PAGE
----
- Format:Cambridge Elevate
- Subject(s):Computer Science
- Author(s):Mark Thomas
- Available from: October 2015
- Notes: **Only available to Institutions**
A new series of print and digital resources developed for the 2015 A/AS Level Computer Science qualifications.
Send a Query×
Specifically developed for Component 1 of the WJEC/Eduqas A/AS Level Computer Science specifications for first teaching from 2015, this enhanced digital resource is suitable for all abilities. With rich digital content including animated tutorials, slideshows and images, this resource puts computing into context, giving students a real-life view on professional applications of computing skills. Supporting classroom and independent learning, this customisable resource allows teachers to add annotations and the Assess to Progress tool enables tracking and reporting on students’ progress. Accessible online and on tablet devices through the Cambridge Elevate app (iOS 7.1 and higher and Android 4.1 and higher).
Accessible to all abilities with extra materials including extension questions and stretch activities for the more able.
Rich in digital content, including quiz banks, images, photographs, interactive exercises and animated tutorials.
Assess to Progress tool enables tracking and reporting on students' progress.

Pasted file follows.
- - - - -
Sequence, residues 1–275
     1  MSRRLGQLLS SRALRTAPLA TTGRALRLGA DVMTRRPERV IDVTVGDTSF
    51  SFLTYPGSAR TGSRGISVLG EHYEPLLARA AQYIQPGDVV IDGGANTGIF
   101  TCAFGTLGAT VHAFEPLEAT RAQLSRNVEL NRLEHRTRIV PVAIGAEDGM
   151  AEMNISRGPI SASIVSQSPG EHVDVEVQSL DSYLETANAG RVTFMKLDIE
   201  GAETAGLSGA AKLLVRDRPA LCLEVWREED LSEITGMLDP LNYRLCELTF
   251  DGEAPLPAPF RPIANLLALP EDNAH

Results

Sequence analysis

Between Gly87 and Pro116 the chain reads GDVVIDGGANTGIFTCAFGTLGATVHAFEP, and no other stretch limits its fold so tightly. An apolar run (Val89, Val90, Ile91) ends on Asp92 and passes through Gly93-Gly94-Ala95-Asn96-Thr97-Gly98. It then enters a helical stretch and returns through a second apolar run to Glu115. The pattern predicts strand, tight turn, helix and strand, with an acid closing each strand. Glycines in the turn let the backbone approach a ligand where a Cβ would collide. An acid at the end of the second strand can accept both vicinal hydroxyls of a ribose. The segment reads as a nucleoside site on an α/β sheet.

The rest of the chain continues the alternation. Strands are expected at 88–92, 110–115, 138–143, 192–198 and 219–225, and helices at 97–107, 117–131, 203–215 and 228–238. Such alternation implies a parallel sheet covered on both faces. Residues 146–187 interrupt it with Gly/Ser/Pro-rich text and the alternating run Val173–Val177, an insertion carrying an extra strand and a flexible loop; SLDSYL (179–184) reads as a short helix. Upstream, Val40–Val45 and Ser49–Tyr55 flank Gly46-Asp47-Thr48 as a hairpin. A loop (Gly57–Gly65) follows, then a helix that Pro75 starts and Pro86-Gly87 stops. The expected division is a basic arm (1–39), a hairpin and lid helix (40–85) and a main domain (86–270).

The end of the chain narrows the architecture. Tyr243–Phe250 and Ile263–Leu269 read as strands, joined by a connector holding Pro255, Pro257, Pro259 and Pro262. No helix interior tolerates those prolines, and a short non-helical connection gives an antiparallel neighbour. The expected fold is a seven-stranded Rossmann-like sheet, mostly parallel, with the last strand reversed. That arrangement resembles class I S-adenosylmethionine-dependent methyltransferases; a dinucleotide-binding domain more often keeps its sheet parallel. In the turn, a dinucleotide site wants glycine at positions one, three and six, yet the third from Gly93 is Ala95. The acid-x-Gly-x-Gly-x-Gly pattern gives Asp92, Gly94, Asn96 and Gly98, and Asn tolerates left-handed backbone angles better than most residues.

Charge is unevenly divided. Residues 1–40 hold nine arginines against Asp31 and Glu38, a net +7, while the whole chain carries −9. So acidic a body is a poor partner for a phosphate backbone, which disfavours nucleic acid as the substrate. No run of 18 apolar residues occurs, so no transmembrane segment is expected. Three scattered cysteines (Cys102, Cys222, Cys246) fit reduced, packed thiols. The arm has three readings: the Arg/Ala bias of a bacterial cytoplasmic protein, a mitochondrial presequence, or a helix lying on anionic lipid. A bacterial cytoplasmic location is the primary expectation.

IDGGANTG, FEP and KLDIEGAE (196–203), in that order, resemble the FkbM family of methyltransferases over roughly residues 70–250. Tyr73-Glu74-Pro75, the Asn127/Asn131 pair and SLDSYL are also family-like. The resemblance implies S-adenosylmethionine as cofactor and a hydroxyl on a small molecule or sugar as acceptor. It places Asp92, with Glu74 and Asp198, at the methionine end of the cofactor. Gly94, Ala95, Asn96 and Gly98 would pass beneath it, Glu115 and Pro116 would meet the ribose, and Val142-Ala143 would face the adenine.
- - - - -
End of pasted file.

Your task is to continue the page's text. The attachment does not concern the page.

Available as a digital product only.
- 1. Data structures
- 2. Logical operations
- 3. Algorithms and programs
- 4. Principles of programming
- 5. Systems analysis
- 6. System design
- 7. Software engineering
- 8. Program construction
- 9. Economic, moral, legal, ethical and cultural issues relating to computer science.
Adam is the head of Computing at the Piggott School and has 10 years experience teaching A-Level Computing. He gained a first class honours degree in Computer Science from a Russell group university and before being a teacher, he worked as a software engineer working for companies including Accenture and 3Com. Adam is also involved in developing subject enrichment courses with Reading University and the Wokingham federation of schools. He has led INSET in Python programming for teachers, tackling GCE and GCSE Computing.
Found 2 results
- File name
- File size
Latest newsAll news
05 January 2018
Why is working memory important for mathematics learning?
In this espresso from our colleagues at Cambridge Mathematics they consider the evidence around working...